Equity Policy Analysis Checklist Primer

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E Pluribus Unum was created on the belief that the United States must confront the issue of race head-on if we are to move forward as a country. This is especially true in the American South. 

At the same time, EPU’s work is race-focused but not race-exclusive. The work to reverse inequity, in all its forms, requires a variety of approaches and partners.

A key piece of our work is to help public officials and community leaders analyze their current and future policies and programs through equity lenses. Our data shows that when leaders  prioritize equity, communities as a whole are more prosperous. 

Do you have a policy or program that you want to assess for its effect on equity? If so, this toolkit is for you.

First, we’ll explain what an equity policy analysis is and who might want to use one.

Next, we’ll share a checklist to help you incorporate an equity analysis at each step of policy development. This will include tips and tricks to strengthen your policies by adding language regarding inequities. 

Finally, we’ll help you review your policies for places you may need to remove or edit language that could have unintended consequences on underserved communities.

We’ll also share contact information for how you can get free, direct support from EPU and its expert Senior policy advisors   

Equity Policy Analysis Checklist: The 5Ws

It is a tool to assess a policy or program for equity—or inequities. You can consider an equity policy analysis as part of your team’s equity “toolbox.” The goal of that toolbox is to build policies that always incorporate an equity perspective.

Anyone! This framework can be used by anyone that seeks to advance equity. That includes, but is not limited to, legislators and their staff, equity advocates, and community leaders.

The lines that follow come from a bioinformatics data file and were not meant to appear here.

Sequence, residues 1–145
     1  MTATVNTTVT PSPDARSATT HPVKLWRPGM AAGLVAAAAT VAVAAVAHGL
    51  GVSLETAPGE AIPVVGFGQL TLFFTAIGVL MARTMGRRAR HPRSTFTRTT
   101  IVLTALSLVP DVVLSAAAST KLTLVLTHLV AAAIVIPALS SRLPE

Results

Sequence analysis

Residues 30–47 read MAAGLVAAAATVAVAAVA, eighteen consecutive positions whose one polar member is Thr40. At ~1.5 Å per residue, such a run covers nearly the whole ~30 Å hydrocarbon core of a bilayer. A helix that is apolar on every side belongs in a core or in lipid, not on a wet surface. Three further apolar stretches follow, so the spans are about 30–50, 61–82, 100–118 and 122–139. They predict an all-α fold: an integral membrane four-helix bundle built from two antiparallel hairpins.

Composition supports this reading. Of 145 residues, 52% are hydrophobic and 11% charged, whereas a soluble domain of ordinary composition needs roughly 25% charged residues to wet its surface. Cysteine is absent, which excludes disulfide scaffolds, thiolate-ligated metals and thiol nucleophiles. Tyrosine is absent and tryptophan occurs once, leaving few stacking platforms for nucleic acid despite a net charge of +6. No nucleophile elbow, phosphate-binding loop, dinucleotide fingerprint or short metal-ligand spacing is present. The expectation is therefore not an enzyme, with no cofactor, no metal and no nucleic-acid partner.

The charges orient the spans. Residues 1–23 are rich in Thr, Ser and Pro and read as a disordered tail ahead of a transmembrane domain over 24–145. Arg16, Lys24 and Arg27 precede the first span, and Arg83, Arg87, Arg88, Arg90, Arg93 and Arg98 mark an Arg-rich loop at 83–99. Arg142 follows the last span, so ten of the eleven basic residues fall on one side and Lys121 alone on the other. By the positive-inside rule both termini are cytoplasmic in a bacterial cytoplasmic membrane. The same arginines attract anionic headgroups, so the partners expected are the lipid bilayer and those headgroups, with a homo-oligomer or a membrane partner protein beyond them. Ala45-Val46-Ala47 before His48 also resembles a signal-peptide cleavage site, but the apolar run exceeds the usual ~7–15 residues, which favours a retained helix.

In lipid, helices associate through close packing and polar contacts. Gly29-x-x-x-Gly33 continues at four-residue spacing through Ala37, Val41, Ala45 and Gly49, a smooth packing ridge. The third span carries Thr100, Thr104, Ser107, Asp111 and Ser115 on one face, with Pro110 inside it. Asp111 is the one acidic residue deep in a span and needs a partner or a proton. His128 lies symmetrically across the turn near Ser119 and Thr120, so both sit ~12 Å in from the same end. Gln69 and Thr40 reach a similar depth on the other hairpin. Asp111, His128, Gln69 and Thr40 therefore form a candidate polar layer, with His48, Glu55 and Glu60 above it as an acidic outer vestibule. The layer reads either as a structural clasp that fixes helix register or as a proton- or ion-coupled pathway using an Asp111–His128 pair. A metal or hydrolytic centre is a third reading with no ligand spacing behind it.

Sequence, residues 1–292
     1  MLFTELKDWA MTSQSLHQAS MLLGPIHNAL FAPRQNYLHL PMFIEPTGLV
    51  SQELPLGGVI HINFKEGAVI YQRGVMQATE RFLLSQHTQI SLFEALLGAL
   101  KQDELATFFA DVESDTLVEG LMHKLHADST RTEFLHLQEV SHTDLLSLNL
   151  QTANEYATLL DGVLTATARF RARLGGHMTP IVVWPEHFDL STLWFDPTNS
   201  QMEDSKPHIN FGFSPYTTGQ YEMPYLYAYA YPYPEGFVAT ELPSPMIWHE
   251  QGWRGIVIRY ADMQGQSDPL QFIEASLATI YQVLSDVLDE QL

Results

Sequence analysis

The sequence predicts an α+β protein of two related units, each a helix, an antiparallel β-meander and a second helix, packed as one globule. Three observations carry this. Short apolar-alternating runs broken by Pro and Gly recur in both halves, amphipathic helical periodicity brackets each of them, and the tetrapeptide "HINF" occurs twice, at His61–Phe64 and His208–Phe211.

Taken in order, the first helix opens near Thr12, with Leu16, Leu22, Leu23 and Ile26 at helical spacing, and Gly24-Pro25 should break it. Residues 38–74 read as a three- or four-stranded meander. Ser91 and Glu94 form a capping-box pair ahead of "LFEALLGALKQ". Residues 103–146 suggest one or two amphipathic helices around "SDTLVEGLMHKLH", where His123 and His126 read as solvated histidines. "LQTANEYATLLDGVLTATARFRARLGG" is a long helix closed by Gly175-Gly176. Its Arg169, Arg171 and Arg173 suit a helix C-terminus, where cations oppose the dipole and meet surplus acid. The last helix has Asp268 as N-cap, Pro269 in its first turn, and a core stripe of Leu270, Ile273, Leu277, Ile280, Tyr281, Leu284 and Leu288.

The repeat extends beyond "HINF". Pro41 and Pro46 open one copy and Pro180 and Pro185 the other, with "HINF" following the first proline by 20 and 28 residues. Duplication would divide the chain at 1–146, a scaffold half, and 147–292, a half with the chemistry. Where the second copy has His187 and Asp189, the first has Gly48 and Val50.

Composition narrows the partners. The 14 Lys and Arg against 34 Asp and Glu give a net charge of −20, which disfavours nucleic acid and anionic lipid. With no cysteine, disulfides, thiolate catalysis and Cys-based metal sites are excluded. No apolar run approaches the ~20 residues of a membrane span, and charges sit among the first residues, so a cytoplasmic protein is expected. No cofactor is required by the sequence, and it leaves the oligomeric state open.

Collaboration is key here. We recommend that you ask multiple individuals who represent a variety of backgrounds and perspectives to review this checklist. Then, your answers will reflect diverse views, socioeconomic status, and values.

Early and often. That’s how you’ll be able to embed equity in the policy process from the beginning, rather than as an afterthought once a policy has been finalized.

Anywhere! Or, to make it more specific: any policy, program, or organization where you’re developing or examining policies that could impact individual, structural, or systemic inequities. Note: that could be a positive impact or a negative impact.

Here are some examples of common places you might use this: 

  • Federal policy creation
  • State policy creation
  • Local policy creation
  • Inside organizations examining policies that they would like to advance or implement

Heightened awareness, greater clarity, and increased collaboration. When you use an equity policy framework, you can: 

  • Normalize conversations on equity 
  • Activate analysis of equity on a current or future policy by examining benefits and burdens, resource allocation, data collection, stakeholder engagement, and feedback 
  • Enhance goal-setting by establishing clear outcomes and objectives
  • Operationalize change around equity by providing the tools to track change and evaluate progress on equity strategies